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0 0.5 1 1.5 2+ Mortality 54% Improvement Relative Risk ICU admission 65% Case 9% Hosseini et al. Vitamin D for COVID-19 META ANALYSIS Favors vitamin D Favors control
Effects of Vitamin D Supplementation on COVID-19 Related Outcomes: A Systematic Review and Meta-Analysis
Hosseini et al., Nutrients, doi:10.3390/nu14102134 (meta analysis)
Hosseini et al., Effects of Vitamin D Supplementation on COVID-19 Related Outcomes: A Systematic Review and Meta-Analysis, Nutrients, doi:10.3390/nu14102134 (meta analysis)
May 2022   Source   PDF  
  All Studies   Meta
Systematic review and meta analysis showing significantly lower ICU admission and mortality with vitamin D treatment. There was no significant difference for cases.
Currently there are 107 vitamin D studies and meta analysis shows:
Mortality36% lower [28‑44%]
Ventilation26% lower [-2‑46%]
ICU admission50% lower [33‑62%]
Hospitalization20% lower [8‑31%]
Cases15% fewer [6‑23%]
risk of death, 54.0% lower, RR 0.46, p < 0.001.
risk of ICU admission, 65.0% lower, RR 0.35, p < 0.001.
risk of case, 9.0% lower, RR 0.91, p = 0.11.
Effect extraction follows pre-specified rules prioritizing more serious outcomes. Submit updates
Hosseini et al., 20 May 2022, peer-reviewed, 3 authors.
Contact: (corresponding author),,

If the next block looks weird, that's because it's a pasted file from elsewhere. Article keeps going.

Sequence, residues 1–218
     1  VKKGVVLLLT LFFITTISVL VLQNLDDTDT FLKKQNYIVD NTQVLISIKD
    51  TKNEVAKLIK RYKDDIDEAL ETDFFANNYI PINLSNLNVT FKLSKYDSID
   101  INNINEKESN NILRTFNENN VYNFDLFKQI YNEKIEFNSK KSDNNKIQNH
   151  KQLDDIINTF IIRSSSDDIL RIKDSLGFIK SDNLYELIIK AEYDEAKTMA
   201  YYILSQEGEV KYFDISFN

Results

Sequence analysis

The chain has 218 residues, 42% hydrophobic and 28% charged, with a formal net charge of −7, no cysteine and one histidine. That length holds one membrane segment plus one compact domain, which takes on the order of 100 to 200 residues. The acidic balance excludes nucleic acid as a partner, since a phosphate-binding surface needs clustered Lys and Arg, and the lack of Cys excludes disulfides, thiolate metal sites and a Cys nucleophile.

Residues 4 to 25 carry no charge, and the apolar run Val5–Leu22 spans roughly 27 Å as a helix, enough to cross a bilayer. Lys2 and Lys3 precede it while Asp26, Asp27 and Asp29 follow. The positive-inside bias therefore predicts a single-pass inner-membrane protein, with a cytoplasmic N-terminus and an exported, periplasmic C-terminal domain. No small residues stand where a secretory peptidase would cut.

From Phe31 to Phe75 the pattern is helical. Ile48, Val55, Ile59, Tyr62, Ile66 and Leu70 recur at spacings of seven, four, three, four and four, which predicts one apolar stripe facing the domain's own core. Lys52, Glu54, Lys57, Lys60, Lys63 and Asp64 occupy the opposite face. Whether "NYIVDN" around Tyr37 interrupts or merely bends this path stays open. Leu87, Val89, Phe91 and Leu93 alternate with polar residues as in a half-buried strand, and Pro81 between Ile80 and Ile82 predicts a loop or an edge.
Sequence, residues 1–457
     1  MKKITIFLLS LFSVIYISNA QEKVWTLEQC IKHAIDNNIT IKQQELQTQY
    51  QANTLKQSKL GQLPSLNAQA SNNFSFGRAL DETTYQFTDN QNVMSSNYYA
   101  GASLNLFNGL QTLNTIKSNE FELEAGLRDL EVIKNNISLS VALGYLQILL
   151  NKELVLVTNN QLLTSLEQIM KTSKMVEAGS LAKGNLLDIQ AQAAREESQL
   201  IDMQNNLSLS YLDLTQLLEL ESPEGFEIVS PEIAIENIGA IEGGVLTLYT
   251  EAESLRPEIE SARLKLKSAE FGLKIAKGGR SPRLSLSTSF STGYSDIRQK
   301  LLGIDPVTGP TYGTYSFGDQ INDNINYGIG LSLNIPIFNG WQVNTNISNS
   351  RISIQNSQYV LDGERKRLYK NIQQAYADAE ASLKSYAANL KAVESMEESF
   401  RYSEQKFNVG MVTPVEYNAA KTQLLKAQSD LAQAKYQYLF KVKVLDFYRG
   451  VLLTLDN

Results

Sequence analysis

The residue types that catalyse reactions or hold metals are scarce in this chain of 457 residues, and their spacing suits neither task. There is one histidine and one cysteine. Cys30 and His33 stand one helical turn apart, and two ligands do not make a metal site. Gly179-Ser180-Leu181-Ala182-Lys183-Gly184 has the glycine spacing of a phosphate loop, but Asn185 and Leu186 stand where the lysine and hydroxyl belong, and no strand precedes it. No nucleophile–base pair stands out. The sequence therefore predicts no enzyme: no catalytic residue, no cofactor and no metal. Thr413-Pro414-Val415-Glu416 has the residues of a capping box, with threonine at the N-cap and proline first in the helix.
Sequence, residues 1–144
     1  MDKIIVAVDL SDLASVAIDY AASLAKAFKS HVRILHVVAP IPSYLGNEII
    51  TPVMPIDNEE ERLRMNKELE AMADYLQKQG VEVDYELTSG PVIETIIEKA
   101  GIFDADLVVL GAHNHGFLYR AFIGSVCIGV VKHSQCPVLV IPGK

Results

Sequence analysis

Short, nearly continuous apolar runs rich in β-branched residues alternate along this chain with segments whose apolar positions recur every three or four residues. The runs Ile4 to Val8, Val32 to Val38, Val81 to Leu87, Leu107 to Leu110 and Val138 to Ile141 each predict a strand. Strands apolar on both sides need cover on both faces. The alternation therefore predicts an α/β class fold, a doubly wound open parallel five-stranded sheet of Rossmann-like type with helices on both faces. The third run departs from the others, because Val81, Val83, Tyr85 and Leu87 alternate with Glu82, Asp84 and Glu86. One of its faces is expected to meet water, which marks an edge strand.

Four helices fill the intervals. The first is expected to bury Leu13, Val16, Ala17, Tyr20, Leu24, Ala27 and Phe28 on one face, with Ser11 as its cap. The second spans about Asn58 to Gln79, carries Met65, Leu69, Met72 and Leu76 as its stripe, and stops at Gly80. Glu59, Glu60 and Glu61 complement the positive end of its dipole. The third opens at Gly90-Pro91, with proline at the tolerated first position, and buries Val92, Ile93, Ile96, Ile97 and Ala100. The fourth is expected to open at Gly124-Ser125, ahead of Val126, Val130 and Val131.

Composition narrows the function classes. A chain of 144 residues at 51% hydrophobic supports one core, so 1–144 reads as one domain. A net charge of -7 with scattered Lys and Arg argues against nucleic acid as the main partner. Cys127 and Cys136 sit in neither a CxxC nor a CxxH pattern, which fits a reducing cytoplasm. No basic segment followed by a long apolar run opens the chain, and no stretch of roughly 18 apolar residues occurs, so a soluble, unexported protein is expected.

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Abstract: nutrients Systematic Review Effects of Vitamin D Supplementation on COVID-19 Related Outcomes: A Systematic Review and Meta-Analysis Banafsheh Hosseini 1,2, *, Asmae El Abd 1 and Francine M. Ducharme 1,2,3 1 2 3 * Citation: Hosseini, B.; El Abd, A.; Ducharme, F.M. Effects of Vitamin D Supplementation on COVID-19 Related Outcomes: A Systematic Review and Meta-Analysis. Nutrients Clinical Research and Knowledge Transfer Unit on Childhood Asthma, Research Centre, Sainte-Justine University Health Centre, Montreal, QC H3T 1C5, Canada; (A.E.A.); (F.M.D.) Department of Pediatrics, Faculty of Medicine, University of Montreal, Sainte-Justine Hospital, Montreal, QC H3C 3J7, Canada Department of Social and Preventive Medicine, Public Health School, University of Montreal, Montreal, QC H3N 1X9, Canada Correspondence: Abstract: The COVID-19 outbreak has rapidly expanded to a global pandemic; however, our knowledge is limited with regards to the protective factors against this infection. The aim of this systematic literature review and meta-analysis was to evaluate the impact of vitamin D supplementation on COVID-19 related outcomes. A systematic search of relevant papers published until January 2022 was conducted to identify randomized controlled trials (RCTs) and non-randomized studies of intervention (NRISs). The primary outcomes included the risk of COVID-19 infection (primary prevention studies on uninfected individuals), hospital admission (secondary prevention studies on mild COVID-19 cases), and ICU admission and mortality rate (tertiary prevention studies on hospitalized COVID-19 patients). We identified five studies (one RCT, four NRISs) on primary prevention, with five (two RCTs, three NRISs) on secondary prevention, and 13 (six RCTs, seven NRISs) on tertiary prevention. Pooled analysis showed no significant effect on the risk of COVID-19 infection. No meta-analysis was possible on hospitalization risk due to paucity of data. Vitamin D supplementation was significantly associated with a reduced risk of ICU admission (RR = 0.35, 95% CI: 0.20, 0.62) and mortality (RR = 0.46, 95% CI: 0.30, 0.70). Vitamin D supplementation had no significant impact on the risk of COVID-19 infection, whereas it showed protective effects against mortality and ICU admission in COVID-19 patients. 2022, 14, 2134. 10.3390/nu14102134 Keywords: vitamin D; COVID-19; hospitalization; mortality; ICU admission Academic Editor: Bruce W. Hollis Received: 20 April 2022 Accepted: 13 May 2022 Published: 20 May 2022 Publisher’s Note: MDPI stays neutral with regard to jurisdictional claims in published maps and institutional affiliations. Copyright: © 2022 by the authors. Licensee MDPI, Basel, Switzerland. This article is an open access article distributed under the terms and conditions of the Creative Commons Attribution (CC BY) license (https:// 4.0/).
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